It seems that the long struggle over the construction of hazardous waste wells in Romulus has just about come to an end. And it seems that those who opposed the wells i.e. scores of Romulus residents, will be on the losing end of this fight. But is it any surprise, considering how Gov. John Engler helped obliterate the public’s voice when it comes to such projects?
In 1979 a law was created to ensure the public could register concerns about hazardous waste disposal with the Department of Natural Resources’ Site Review Board, says Dave Dempsey, policy adviser for the Michigan Environmental Council. Dempsey, author of the forthcoming book Ruin and Recovery, which documents the state’s environmental history over the last 100 years, says that the board, which was made up of scientists and regular folks, had the power to grant or deny permits for incinerators, waste wells or hazardous waste landfills.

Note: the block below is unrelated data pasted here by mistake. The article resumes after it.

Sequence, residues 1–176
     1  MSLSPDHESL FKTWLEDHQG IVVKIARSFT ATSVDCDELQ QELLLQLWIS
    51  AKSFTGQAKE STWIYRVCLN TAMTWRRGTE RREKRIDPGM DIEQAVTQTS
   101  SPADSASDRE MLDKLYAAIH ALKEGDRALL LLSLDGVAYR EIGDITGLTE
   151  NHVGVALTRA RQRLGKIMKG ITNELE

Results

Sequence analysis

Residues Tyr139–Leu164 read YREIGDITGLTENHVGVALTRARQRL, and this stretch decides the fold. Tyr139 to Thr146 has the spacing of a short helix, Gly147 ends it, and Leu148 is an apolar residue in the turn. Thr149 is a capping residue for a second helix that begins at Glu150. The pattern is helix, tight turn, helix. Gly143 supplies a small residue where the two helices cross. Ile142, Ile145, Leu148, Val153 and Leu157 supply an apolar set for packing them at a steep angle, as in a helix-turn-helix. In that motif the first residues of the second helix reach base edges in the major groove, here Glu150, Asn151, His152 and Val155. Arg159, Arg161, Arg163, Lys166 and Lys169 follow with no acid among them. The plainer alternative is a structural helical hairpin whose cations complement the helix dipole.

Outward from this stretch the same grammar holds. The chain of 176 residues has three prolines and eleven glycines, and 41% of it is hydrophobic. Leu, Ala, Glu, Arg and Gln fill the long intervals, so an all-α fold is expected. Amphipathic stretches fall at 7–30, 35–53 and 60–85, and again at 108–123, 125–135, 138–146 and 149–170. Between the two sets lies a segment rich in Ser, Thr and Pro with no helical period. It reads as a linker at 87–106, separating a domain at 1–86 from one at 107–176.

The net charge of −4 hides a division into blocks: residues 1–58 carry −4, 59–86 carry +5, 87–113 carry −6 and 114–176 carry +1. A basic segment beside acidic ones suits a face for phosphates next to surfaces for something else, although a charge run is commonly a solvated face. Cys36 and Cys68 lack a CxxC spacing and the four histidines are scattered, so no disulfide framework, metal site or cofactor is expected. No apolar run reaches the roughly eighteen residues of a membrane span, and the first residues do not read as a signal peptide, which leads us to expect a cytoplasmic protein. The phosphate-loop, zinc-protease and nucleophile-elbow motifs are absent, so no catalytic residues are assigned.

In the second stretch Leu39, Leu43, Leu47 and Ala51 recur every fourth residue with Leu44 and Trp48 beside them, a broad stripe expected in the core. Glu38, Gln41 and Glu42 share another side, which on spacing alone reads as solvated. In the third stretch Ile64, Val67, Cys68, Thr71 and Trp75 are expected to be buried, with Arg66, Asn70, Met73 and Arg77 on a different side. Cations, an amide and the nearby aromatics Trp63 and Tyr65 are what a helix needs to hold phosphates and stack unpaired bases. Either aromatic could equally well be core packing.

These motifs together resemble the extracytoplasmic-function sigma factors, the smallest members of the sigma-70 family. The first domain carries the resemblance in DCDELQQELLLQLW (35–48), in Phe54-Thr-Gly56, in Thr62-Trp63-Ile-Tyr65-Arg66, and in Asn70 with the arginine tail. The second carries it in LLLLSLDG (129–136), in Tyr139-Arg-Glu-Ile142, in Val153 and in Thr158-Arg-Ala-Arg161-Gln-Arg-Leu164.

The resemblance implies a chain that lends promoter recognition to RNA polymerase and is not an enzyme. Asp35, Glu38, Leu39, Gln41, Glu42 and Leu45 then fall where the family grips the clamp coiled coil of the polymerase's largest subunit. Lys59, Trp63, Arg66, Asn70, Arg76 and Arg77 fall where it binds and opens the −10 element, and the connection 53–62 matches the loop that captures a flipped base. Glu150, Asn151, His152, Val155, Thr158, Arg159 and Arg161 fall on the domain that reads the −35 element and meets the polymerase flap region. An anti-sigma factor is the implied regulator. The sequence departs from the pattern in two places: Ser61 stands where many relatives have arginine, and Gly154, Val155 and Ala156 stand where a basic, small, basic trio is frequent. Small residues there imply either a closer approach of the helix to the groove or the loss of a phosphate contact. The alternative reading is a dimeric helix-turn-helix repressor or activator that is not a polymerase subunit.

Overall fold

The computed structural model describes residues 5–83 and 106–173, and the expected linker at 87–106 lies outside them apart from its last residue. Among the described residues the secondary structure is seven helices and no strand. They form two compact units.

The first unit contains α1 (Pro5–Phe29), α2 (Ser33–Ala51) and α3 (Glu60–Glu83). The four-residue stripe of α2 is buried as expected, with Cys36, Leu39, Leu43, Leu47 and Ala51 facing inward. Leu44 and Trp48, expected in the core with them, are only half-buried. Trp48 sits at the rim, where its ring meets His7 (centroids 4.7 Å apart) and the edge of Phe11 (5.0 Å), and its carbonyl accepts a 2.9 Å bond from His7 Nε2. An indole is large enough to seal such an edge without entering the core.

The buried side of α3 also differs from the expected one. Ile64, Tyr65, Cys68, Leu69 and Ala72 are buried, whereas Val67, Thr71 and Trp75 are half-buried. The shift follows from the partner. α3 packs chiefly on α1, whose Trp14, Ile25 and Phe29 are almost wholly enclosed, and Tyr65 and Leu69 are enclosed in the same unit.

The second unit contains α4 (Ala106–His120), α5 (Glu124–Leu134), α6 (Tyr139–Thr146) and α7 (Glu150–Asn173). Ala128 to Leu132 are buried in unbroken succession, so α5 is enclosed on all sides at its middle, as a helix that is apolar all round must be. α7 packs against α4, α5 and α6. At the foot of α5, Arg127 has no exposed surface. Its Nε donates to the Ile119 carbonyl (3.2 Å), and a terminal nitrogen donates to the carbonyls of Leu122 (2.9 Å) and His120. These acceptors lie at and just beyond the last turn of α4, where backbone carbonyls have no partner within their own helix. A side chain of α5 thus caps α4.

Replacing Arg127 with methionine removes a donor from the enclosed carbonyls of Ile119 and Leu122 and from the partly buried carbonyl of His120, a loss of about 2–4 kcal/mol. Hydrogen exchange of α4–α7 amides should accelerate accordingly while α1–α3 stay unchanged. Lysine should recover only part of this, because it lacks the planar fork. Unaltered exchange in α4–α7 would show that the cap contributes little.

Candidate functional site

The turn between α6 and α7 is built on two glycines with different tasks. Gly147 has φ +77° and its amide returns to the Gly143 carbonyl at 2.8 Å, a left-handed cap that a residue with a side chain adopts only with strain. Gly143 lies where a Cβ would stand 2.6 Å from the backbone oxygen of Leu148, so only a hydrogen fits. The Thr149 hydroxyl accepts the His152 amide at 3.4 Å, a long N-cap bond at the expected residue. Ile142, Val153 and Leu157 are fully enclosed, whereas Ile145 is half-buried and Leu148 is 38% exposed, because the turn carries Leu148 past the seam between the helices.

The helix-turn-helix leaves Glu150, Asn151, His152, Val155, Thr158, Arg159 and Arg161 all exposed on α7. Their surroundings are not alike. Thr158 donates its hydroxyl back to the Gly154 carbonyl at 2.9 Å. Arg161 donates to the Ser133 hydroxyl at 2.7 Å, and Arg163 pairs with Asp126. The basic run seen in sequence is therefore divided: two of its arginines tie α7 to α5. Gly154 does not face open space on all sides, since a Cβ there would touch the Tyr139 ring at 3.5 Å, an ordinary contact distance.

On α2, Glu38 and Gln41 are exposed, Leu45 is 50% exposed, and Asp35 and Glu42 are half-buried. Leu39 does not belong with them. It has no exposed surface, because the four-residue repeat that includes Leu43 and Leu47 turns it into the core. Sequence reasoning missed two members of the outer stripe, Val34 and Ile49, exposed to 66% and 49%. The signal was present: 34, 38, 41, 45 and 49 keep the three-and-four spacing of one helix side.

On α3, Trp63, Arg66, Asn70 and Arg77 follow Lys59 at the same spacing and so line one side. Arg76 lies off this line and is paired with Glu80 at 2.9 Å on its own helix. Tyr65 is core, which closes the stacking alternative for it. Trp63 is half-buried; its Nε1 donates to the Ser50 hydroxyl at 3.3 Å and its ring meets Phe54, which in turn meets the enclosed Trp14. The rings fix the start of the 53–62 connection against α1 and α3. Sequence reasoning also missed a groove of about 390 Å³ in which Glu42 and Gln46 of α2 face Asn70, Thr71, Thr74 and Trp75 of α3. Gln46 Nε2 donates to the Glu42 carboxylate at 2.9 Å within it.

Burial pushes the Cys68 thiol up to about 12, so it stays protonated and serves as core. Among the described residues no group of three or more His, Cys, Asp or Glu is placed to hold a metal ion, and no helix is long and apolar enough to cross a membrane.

But after Engler took office, he made the boards strictly advisory, says Dempsey. Now, the final say on these issues belongs to the Engler-appointed director of the Department of Environmental Quality. Not until Environmental Disposal Systems of Birmingham applied for a permit to build a 4,000-foot-deep well in Romulus has it become apparent how Engler managed to cut the Review Board and the public out of the loop. (This is the first permit application to go before the board since Engler weakened it.)
Though the public vehemently opposes the wells — for fear that the hazardous waste will contaminate groundwater — and the SRB voted to reject the permit, word is that DEQ Director Russ Harding intends to issue the permit.
“It’s the most dramatic example of the overall change, which has been to muzzle the public and sequester decision making behind Harding’s closed doors,” says Dempsey.Ann Mullen contributed to News Hits, which is edited by Curt Guyette. He can be reached at 313-202-8004 or firstname.lastname@example.org